There is an implied dualism in these statements. To say that Jesus could have failed is to imply Satan could have succeeded. This is a Zorastrian Star Wars sort of dualism that sees Satan as God’s equal opposite, fighting for victory on an equal plane. Could Satan defeat Christ? Absolutely not. Is the battle real? Yes, but the outcome is certain. Satan is not Christ’s equal opposite, he’s Michael’s equal opposite. Jesus is the creator. Satan is but a creature. He can’t do anything without God’s permission. (See Job 1.)
Crouch tells us something by immediately trying to defend himself against the accusation of heresy. “The lady doth protest too much.” (Remember Nixon saying, “I am not a crook”?) Others will see heresy precisely because there is heresy. It doesn’t matter what one of his professors said in a systematic theology class. (I’m trying to picture Paul Crouch in a systematic theology class. It’s like the ultimate oxymoron, the high king of mixed metaphors. It’s like trying to picture an Eskimo sunbathing in the tropics. It just doesn’t work. In any case, Crouch must have had the flu the week they studied the deity of Christ.)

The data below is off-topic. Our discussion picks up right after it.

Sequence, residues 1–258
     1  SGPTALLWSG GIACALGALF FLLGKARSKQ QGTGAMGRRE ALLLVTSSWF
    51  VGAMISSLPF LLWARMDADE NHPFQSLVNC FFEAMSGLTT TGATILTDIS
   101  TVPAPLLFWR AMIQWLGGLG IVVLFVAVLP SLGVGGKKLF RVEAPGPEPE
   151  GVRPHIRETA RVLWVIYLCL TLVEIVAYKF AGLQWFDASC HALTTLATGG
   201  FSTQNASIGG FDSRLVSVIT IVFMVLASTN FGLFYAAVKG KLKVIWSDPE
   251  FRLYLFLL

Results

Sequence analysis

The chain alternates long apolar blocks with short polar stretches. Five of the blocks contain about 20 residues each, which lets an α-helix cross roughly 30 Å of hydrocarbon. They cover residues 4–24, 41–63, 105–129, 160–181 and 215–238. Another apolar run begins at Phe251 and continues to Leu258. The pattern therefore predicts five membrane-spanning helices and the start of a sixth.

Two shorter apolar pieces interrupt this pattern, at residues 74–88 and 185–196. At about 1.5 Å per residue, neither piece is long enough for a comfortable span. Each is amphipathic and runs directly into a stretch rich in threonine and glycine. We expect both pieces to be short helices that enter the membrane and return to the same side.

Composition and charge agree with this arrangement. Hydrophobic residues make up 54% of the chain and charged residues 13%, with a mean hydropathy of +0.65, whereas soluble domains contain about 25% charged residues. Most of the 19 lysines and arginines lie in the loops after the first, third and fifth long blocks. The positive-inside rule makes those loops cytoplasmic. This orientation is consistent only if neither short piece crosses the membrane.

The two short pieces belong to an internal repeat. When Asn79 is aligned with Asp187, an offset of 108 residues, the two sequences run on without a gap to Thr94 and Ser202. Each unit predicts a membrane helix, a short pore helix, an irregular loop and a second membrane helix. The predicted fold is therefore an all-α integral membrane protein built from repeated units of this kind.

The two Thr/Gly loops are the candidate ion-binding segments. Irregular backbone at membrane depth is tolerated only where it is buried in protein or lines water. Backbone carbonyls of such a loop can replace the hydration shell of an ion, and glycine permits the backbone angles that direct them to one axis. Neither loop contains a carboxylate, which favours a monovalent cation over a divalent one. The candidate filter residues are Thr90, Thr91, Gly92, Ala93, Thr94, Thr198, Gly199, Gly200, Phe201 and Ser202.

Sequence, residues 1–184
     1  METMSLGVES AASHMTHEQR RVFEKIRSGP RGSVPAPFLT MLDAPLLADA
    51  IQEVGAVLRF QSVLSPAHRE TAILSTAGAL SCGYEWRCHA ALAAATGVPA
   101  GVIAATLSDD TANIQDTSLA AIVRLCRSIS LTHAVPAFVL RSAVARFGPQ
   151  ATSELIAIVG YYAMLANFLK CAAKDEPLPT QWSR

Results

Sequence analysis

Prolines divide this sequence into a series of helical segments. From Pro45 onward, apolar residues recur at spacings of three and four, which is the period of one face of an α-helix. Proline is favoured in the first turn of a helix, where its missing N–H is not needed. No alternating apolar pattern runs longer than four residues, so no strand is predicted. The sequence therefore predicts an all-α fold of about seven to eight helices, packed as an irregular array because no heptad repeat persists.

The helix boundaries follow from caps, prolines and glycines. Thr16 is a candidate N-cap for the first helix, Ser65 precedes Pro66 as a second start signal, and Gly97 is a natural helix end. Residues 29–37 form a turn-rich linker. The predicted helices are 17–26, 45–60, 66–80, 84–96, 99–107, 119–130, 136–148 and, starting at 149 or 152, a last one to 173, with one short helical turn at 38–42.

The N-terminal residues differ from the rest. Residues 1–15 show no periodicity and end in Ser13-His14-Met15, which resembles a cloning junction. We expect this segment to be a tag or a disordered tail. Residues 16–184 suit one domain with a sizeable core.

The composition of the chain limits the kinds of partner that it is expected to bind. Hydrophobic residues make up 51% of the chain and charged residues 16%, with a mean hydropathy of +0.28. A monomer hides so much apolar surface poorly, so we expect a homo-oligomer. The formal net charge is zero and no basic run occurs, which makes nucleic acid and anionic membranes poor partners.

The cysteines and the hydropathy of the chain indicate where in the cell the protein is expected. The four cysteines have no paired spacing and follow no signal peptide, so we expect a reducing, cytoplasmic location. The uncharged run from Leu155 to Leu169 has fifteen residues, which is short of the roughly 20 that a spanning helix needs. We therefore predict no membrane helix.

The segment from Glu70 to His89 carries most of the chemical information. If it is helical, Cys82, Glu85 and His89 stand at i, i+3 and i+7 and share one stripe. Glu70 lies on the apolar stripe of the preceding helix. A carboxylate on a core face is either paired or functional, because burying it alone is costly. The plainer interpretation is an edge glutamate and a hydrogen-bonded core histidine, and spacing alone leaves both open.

Crouch says “Could Jesus have failed in His mission?” While every biblical instinct within the reader is saying “No,” Crouch follows with “If your answer is ‘no,’ then the whole mission is a fraud.” This is utterly false and terribly misleading, not to mention a cheap shot against great theologians. Suddenly Paul Crouch is arguing that the likes of Martin Luther, John Calvin, Jonathan Edwards and Charles Spurgeon are theological midgets who just don’t get it, and that their beliefs about Christ’s inability to fail amount to them saying Christ’s mission was a fraud. A fraud? That God would die for man, suffer horribly beyond our comprehension, that Jesus would cry out “My God, why have you forsaken me?” and this is a fraud because someone believes Jesus could not fail in his mission? You could say that the U.S. might not be able to fail in its invasion of Afghanistan, but that doesn’t mean it was a fraud. It was real, and there were deaths and injuries and blood and sorrow.